The truth is no politician in Australia – John Howard, Kim Beazley, Peter Beattie or Tony Abbott – played any role in the criminal prosecution. It was something carried out entirely independent of government at both state and federal level. The Queensland DPP acted independently in pursuing the criminal case against Hanson. No politician can influence the DPP. I never contacted any witnesses in connection with the case and, obviously, had no influence whatsoever over the jury verdict and judge’s sentence.

The Labor Party claims that I misled the ABC in an answer I gave to Four Corners broadcast on August 10, 1998. This interview took place about a fortnight before I established a Trust to fund legal challenges to the validity of the registration of One Nation in Queensland. On the Four Corners programme broadcast prior to the establishment of the Trust, I was asked: “So there was never any question of any party or other funds from any other source being offered to Terry Sharples?”. I replied, in response to the first part of the question: “Absolutely not”. No Liberal Party funds were at any stage offered or involved.

Strictly speaking, no money at all had been offered. The lawyers I organised were acting without charge and the support for costs which I had promised would only become an issue in the event of a costs order being made against Sharples. In my view, there is a difference between promising someone he would not be out of pocket on the one hand and actually offering him money on the other – especially when there was every chance that costs would never arise. Much later, after Sharples had launched legal action against me claiming open-ended damages arising from my promise that he would not be out of pocket, my solicitor offered to settle Sharples’ claim for $10,000. Sharples rejected this and I have never paid him any money.

The Sydney Morning Herald reported on March 11 2000: “Challenged about the conflict between this (that is the solicitor’s offer to Sharples) and his denial on Four Corners, Abbott initially replies, ‘Misleading the ABC is not quite the same as misleading the parliament as a political crime’”. It’s not acceptable to mislead the public. I should not have responded flippantly to the SMH’s question and am sorry that I did so.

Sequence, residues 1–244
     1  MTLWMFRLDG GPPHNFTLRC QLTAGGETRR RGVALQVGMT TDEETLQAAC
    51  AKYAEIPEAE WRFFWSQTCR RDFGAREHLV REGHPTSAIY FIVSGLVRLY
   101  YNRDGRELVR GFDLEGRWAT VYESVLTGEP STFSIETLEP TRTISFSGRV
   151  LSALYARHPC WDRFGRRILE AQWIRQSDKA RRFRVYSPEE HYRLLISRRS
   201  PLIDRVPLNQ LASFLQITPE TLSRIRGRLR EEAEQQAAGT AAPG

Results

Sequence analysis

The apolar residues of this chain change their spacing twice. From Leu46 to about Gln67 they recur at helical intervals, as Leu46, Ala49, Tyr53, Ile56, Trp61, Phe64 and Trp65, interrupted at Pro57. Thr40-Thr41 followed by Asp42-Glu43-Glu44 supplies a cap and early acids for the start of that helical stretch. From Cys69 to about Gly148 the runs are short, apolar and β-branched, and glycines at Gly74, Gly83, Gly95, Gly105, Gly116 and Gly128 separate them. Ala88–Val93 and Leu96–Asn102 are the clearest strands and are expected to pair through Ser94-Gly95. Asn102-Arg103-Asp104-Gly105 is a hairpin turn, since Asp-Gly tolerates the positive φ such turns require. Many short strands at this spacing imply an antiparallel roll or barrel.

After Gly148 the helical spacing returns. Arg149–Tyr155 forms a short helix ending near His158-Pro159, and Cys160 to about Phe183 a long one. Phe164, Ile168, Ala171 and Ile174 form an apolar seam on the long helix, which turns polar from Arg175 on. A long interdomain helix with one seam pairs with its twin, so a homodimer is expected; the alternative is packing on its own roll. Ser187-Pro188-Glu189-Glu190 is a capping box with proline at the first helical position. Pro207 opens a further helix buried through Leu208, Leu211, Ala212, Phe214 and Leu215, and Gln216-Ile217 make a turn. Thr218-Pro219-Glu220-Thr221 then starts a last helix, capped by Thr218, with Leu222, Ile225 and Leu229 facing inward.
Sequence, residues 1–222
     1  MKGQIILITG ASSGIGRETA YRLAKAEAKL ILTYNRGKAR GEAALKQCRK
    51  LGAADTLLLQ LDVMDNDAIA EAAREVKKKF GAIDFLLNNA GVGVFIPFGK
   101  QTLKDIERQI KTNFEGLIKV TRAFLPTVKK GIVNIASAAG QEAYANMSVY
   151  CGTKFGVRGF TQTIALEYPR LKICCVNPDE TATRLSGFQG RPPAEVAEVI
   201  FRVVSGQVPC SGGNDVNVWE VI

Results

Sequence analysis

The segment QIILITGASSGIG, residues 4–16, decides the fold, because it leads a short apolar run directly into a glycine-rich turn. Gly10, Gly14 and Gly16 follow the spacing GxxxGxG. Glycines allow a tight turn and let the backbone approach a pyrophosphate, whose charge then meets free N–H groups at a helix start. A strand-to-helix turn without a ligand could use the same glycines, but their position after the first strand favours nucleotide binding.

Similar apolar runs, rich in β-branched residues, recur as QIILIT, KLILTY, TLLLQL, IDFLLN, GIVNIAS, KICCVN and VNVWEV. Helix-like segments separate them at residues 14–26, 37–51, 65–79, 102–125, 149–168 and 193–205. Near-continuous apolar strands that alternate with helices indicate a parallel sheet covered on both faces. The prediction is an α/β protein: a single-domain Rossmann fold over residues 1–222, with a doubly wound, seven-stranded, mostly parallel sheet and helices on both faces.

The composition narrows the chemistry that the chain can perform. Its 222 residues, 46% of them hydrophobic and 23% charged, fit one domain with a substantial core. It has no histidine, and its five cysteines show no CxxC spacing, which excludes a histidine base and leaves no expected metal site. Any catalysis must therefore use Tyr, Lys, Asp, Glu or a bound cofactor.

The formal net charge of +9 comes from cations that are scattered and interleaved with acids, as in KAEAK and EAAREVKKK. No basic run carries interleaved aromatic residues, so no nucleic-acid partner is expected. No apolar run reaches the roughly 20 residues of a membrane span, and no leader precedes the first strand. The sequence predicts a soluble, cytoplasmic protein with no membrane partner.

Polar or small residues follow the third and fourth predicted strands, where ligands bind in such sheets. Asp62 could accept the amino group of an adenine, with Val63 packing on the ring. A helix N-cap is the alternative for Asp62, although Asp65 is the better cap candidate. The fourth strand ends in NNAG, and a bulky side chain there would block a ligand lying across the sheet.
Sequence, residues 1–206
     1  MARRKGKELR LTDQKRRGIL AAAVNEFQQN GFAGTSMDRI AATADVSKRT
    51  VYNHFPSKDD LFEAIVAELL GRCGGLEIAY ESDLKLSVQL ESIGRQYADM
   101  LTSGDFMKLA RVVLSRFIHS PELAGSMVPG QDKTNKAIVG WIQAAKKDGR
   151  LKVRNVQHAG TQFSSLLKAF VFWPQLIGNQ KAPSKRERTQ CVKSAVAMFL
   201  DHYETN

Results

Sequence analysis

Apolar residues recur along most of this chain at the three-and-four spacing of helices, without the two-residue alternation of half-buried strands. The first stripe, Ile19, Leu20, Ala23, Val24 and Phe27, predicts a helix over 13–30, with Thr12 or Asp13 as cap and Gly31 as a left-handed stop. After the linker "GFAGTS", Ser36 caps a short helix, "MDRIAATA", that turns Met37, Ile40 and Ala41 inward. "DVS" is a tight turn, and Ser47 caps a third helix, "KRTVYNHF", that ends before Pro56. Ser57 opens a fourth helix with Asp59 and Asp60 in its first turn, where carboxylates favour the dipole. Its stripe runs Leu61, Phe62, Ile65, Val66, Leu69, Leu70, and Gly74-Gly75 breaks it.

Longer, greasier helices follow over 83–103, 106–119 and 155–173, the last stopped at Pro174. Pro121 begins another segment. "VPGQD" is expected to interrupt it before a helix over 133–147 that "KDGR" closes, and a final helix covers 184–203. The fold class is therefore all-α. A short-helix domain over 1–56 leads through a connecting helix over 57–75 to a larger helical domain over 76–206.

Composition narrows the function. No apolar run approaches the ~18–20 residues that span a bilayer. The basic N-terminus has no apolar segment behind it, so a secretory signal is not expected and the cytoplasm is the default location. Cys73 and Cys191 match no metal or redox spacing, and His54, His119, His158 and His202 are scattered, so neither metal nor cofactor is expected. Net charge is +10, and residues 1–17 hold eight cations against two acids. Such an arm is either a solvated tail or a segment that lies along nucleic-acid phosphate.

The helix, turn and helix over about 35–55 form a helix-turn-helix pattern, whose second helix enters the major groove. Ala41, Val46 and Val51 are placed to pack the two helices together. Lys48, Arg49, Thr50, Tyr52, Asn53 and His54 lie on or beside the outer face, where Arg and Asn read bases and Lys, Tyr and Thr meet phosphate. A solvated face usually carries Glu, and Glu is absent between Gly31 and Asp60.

The Labor Party is claiming that that I set up a “secret slush fund” to fight Hanson. The Australians for Honest Politics Trust (set up on August 24 1998) was so secret that the SMH reported on August 29: “Prominent Liberal Party parliamentarian Tony Abbott is supporting Pauline Hanson’s former personal secretary Barbara Hazelton in a new legal move to deregister One Nation in Queensland”. On September 3 1998, The Australian reported: “It is understood Australians for Honest Politics – the trust established by Mr Abbott with former MPs Peter Coleman and John Wheeldon – has about $100,000 with donations of up to $20,000 received from individual citizens”.

How can the Labor Party say that Australians for Honest Politics was a “Liberal Party fund” when one of the trustees was a Cabinet Minister in the Whitlam Government?

The Labor Party is claiming that Australians for Honest Politics was not properly declared (even though its existence was public knowledge). On November 9 1998, I formally declared my trusteeship to the Registrar of Member’s Interests. I also disclosed it to the Prime Minister under Ministerial Guidelines. In 1998, the Australian Electoral Commission queried the role of the Trust but after advice from me did not seek disclosure. I was always interstate on official business when meetings with One Nation dissidents took place.

I can understand Premier Beattie’s dismay at the public reaction to Hanson’s gaoling but the Labor Party’s attempt to pin the blame on their political opponents is quite shameless. Hanson is now in gaol because the independent DPP launched a criminal prosecution, the jury returned a verdict and the judge handed down a custodial sentence.